FOMC meeting preview - 8 factors that could drive markets

Chris Weston
Head of Research
18 Sept 2022
Despite 13 central banks meeting this week and most expected to hike rates aggressively, it’s the FOMC meeting that is the marquee event of the week.


  • FOMC rates decision and quarterly economic projections (SEP) – 4am AEST / 19:00 BST
  • Fed Chair Jay Powell’s press conference 04:30 AEST / 19:30 BST

Despite 13 central banks meeting this week and most expected to hike rates aggressively, it’s the FOMC meeting that is the marquee event of the week. With so many variables that could move markets, we look at the core factors that traders should be aware of when assessing risk around the FOMC meeting.

Rates Review – we display the implied rate hike priced by the market for the upcoming central bank meeting, and the step up (in basis points) to the following meeting(s).

  1. A 75bp hike incoming - Arguably the debate everyone wants answering straight away; will the Federal Reserve hike the fed funds rate by 50bp, 75bp or 100bp – the consensus view (from economists) is they hike by 75bp, with the market pricing in 80bp – this equates to an 80% chance of 75bp and 20% of 100bp. Given the recent (Aug) US CPI print (core CPI at 6.3%), I think we can rule out a 50bp hike. 100bp’s would be a surprise and would make a defiant statement, but again this seems unlikely. So, 75bp is the play and given the elevated expectations in rates pricing, a 75bp hike in isolation offers modest downside risks in the USD.
  2. The ‘Dot plot’ projections – the Fed offer their individual forecasts for where they see the fed funds rate in the years ahead. The current median projection for 2022 and 2023 is 3.38% and 3.8% respectively – One suspects these will lift to 3.9% (2022) and 4.1% (2023), just under current market pricing.
  3. With US financial conditions the tightest since April 2020, 30yr mortgage rates at 6.33% and the Fed’s Quantitative Tightening (QT) program about to beef up to $95b a month, Fed chair Jay Powell will be grilled (in his press conference) on how long policy is expected to be restrictive and the signals they are watching to slow the pace of policy tightening.
  4. Reading the statement, how concerned will the Fed be given likely persistently high core and ‘sticky’ inflation – notably, around core goods, shelter, and rental inflation?
  5. Turning to Jay Powell’s press conference - Will Powell show reduced confidence that the Fed can bring down inflation and still engineer a ‘soft landing’ in the economy?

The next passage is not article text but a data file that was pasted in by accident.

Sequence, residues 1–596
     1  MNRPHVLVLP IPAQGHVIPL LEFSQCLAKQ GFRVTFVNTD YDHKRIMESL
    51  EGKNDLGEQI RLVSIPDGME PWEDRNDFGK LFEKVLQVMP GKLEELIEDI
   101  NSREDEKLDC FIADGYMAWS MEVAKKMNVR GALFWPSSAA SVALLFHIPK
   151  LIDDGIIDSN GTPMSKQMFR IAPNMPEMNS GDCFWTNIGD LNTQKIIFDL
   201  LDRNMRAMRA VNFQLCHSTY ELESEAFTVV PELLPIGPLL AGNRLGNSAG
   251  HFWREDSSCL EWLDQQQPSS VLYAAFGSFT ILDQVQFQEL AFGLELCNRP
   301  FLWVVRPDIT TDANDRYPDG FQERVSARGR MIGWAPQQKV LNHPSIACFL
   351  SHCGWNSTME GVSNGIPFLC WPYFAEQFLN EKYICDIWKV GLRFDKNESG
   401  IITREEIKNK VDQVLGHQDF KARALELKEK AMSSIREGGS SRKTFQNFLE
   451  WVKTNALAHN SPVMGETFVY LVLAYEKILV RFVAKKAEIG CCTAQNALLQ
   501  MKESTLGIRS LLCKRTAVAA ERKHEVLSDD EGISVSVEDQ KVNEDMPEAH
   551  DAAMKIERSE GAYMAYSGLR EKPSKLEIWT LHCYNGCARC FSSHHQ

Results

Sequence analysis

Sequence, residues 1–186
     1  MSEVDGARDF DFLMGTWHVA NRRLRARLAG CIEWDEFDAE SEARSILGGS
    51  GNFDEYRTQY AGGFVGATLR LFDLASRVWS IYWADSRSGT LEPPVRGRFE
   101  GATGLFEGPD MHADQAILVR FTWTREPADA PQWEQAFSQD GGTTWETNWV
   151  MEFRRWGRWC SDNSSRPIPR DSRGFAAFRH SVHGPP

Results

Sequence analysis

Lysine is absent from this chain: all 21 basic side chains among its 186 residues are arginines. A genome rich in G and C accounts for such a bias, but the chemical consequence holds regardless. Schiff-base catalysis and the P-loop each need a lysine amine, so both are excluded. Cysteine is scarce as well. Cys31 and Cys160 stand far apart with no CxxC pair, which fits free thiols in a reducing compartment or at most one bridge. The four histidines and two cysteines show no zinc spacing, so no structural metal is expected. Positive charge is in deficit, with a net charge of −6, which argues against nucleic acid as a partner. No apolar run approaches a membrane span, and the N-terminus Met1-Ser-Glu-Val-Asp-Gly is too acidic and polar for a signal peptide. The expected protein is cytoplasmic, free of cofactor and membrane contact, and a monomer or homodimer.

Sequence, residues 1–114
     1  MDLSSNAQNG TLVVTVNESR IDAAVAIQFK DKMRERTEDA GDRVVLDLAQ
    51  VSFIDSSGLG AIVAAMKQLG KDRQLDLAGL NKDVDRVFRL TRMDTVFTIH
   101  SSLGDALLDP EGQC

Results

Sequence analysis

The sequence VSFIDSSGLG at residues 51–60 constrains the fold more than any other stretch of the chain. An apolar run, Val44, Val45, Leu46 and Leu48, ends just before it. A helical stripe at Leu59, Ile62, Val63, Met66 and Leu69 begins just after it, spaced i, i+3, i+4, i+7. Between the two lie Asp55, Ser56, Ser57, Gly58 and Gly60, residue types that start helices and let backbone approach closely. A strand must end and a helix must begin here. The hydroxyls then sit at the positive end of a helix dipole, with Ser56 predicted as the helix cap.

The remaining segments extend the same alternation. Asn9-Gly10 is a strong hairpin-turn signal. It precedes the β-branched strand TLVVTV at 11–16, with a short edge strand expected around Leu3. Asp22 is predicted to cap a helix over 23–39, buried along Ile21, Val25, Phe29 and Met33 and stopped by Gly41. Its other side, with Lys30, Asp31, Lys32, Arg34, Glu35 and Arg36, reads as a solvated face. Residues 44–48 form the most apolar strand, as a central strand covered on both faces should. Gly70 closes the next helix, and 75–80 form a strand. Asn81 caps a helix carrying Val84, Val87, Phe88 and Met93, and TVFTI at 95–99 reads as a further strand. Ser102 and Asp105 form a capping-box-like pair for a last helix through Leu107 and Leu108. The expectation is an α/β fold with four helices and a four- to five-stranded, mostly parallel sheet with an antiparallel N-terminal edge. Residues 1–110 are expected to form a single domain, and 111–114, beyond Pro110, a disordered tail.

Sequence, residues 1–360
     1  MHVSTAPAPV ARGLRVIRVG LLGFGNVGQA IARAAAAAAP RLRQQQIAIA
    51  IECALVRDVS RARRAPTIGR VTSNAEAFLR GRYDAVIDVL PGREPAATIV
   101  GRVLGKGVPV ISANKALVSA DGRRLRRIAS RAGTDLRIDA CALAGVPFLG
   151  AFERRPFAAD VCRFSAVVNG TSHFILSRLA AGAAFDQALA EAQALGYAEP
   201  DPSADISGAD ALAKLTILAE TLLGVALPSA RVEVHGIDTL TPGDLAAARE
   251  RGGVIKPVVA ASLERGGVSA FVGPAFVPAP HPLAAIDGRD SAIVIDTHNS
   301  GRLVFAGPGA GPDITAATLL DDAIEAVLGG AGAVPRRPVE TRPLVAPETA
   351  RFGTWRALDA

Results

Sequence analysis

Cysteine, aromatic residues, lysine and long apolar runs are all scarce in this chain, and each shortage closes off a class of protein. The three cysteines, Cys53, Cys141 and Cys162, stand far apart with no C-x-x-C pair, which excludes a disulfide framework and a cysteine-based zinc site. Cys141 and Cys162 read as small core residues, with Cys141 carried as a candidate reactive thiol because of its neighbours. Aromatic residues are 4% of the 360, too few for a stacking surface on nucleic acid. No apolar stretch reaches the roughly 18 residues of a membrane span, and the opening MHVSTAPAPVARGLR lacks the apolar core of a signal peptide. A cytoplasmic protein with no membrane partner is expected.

6. Forecasts on inflation (in the Statement of Economic Projections/SEP) – it wouldn’t shock at all to see its core PCE inflation forecasts lift for 2022 from 4.3% to 4.5%, but will there be any change to the call of 2.7% for 2023?
  7. Forecasts on GDP (in the Statement of Economic Projections) – in June the Fed forecasted GDP at 1.7% for both 2022 and 2023 – we should see the 2022 GDP forecast cut in half, but will we see forecasts of 1.7% GDP for 2023 revised lower?
  8. Forecasts on Unemployment - Again, looking at the economic projections, with the Fed expected to forecast a slightly higher unemployment rate for 2022 and 2023. The current forecast is 3.7% (2022) and 3.9% (2023) respectively.

Balance of risk – With the market pricing a 20% chance of 100bp hike and the ‘dots’ likely to modestly undershoot market pricing, it feels there could be a downside bias in the USD into and around the meeting. Any selling in the USD will provide relief to equities, but I suspect this offers levels for the shorts to re-enter. The market will watch the ‘terminal’ rate in fed funds pricing (currently 4.4%) and risky assets should be sensitive to moves in this pricing. US 2yr Treasuries will be closely watched and a move in the yield above 3.9% would be positive for the USD. Conversely, any move below 3.80% would weigh on the USD and boost risky assets.

Positioning – CFTC data shows traders clearly long of USDs, and broad positioning is the most stretched since July 2020. Clients are sensing a turn and are largely positioned short USD, notably vs the GBP and JPY. We see traders net short NAS100 and positioned for a near-term bounce in gold.

Volatility – Unsurprisingly 1-week FX volatility has risen, notably GBPUSD which is close to the 100th percentile of the 12-month range. We can see the expected move (up or down) over the week and the implied range (with a 68% level of confidence). The market is expecting greater movement, so consider this in position sizing.


The material provided here has not been prepared in accordance with legal requirements designed to promote the independence of investment research and as such is considered to be a marketing communication. Whilst it is not subject to any prohibition on dealing ahead of the dissemination of investment research we will not seek to take any advantage before providing it to our clients.

Pepperstone doesn’t represent that the material provided here is accurate, current or complete, and therefore shouldn’t be relied upon as such. The information, whether from a third party or not, isn’t to be considered as a recommendation; or an offer to buy or sell; or the solicitation of an offer to buy or sell any security, financial product or instrument; or to participate in any particular trading strategy. It does not take into account readers’ financial situation or investment objectives. We advise any readers of this content to seek their own advice. Without the approval of Pepperstone, reproduction or redistribution of this information isn’t permitted.